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Buyer profile – Tim Sykes

Tim Sykes - head of buying

Tim Sykes joined The Society in March 2012. Tim is responsible for the purchasing of Bordeaux, Beaujolais and Sherry.

How did you get into the wine trade?

An old family friend with close links to the trade gave me the names of several luminaries in the wine business, and suggested I contact them to find out how to get a 'foot in the door'. One of the contacts was a certain Sebastian Payne at The Wine Society, who generously gave me an hour of his time. He basically said go away and get some retail experience and do your WSET exams. A few months (and many applications) later I was offered a job at La Vigneronne, a fine wine shop in Kensington. My foot was firmly in the door...

What was the impetus that made you switch from law to wine and what was your first job in the wine trade?

I decided during my two years as a trainee solicitor that I couldn't face spending the next forty years sorting out peoples' divorces or wading through 100 page commercial leases. The day I qualified as a solicitor was the day I left the law (a move that I haven't regretted for a moment).

During my legal studies I had spent two years at the Sorbonne. My then girlfriend's family regularly invited me for lunch on Sundays or to nice restaurants in Paris, and plied me with delicious wines; what a revelation for a philistine from Yorkshire with more experience of Tetleys than terroirs.

On leaving the law I decided that I had to find a career that would keep me interested and stimulated and my thoughts immediately turned to wine.

At La Vigneronne I started as a dogsbody, shifting cases, stocktaking and manning the till. The breadth of choice of wines offered in the shop and at the weekly customer tastings was staggering, and in a very short time I built up a vast memory bank of wines I had tasted from around the world. After three years I moved on to OW Loeb, a small but quality driven London merchant specialising in estate Burgundy, Rhône and German wines, and then in 1996 I joined Enotria.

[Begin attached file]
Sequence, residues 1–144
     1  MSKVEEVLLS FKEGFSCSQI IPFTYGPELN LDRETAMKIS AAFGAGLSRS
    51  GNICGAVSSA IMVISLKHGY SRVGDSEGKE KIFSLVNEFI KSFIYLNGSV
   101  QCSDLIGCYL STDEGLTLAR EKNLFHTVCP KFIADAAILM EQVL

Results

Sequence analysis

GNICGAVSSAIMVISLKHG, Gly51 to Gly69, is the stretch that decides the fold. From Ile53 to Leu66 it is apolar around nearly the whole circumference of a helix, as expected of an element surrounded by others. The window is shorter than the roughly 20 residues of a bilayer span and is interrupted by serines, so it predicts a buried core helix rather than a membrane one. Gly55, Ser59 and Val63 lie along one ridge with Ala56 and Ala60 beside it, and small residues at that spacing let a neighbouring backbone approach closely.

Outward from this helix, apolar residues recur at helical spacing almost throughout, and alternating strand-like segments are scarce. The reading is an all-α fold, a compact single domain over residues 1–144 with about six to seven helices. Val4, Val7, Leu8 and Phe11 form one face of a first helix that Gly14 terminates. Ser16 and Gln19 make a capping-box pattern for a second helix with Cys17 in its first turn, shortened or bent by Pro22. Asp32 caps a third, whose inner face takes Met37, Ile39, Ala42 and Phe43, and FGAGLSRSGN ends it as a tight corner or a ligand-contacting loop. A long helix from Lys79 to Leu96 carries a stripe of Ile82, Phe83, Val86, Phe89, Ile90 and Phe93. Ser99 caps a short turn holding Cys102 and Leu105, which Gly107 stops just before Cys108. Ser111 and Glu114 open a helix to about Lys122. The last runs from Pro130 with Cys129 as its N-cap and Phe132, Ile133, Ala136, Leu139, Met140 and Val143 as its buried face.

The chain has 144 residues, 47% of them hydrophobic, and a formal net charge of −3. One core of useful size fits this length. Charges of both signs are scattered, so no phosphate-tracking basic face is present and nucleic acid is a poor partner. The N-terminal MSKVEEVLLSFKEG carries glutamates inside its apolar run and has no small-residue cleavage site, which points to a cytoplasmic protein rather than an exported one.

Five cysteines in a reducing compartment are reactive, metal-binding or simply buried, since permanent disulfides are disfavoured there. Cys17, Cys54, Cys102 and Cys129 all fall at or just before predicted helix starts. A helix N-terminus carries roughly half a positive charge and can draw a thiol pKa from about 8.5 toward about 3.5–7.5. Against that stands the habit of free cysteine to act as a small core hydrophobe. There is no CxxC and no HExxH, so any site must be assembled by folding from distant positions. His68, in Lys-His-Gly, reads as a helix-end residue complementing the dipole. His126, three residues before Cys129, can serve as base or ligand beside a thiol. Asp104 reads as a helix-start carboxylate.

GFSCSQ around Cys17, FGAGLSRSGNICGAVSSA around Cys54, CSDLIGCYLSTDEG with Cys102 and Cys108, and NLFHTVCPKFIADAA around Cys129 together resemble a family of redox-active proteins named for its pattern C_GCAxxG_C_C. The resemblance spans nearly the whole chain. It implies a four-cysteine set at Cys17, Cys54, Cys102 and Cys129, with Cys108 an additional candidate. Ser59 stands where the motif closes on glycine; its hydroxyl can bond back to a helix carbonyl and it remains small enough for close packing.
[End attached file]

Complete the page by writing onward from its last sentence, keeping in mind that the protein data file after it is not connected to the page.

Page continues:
Has your legal training been useful in your career in the wine trade and in what way?

My legal training taught me the importance of good organisation and attention to detail, both of which are vital when buying wines from a large number of suppliers. It also taught me the importance of seeing situations from more than one angle.

Have you a particular passion for a specific wine or wine region?

Whilst I enjoy drinking wines from most regions and countries I have a particular fondness for cooler climate wines, so Champagne, Burgundy, Alsace and Mosel are probably at the top of my list. I love wines that are subtle, and which reflect their provenance and terroir, rather than knock you over the head with masses of fruit, alcohol and tannin. Having said all that, I still drink plenty of Italian, Spanish and new world wines at home.

What are your interests outside work?

I love travelling. In my youth I was lucky enough to experience a couple of round the world backpacking adventures and I still have the bug. Particular highlights for me were visiting Nepal and Burma as part of a trip to South East Asia in the eighties.

I am fortunate that my job frequently takes me abroad, and vine-growing regions tend to be nice places to visit. Also my wife and I take any opportunity to travel whenever we get some holiday time.

What do you perceive to be the main challenges to the wine trade in the next few years?

I think that one of the main challenges is always going to be encouraging people to trade up. I particularly enjoy working at The Society as I recognise that Wine Society members are much more inclined to have confidence in the wines the buyers recommend and are not afraid to try new things. For instance, it has been heartening to see the success of our range from Greece and the Balkans, which we continue to expand.

I'm saddened by the dumbing down of wine, in the off-trade in particular, and I think people are fed up with industrial wines. There's such a plethora of great boutique wineries all over the world that will struggle to survive if the big outfits take over market share. It would be a terrible shame for us all if they disappeared!

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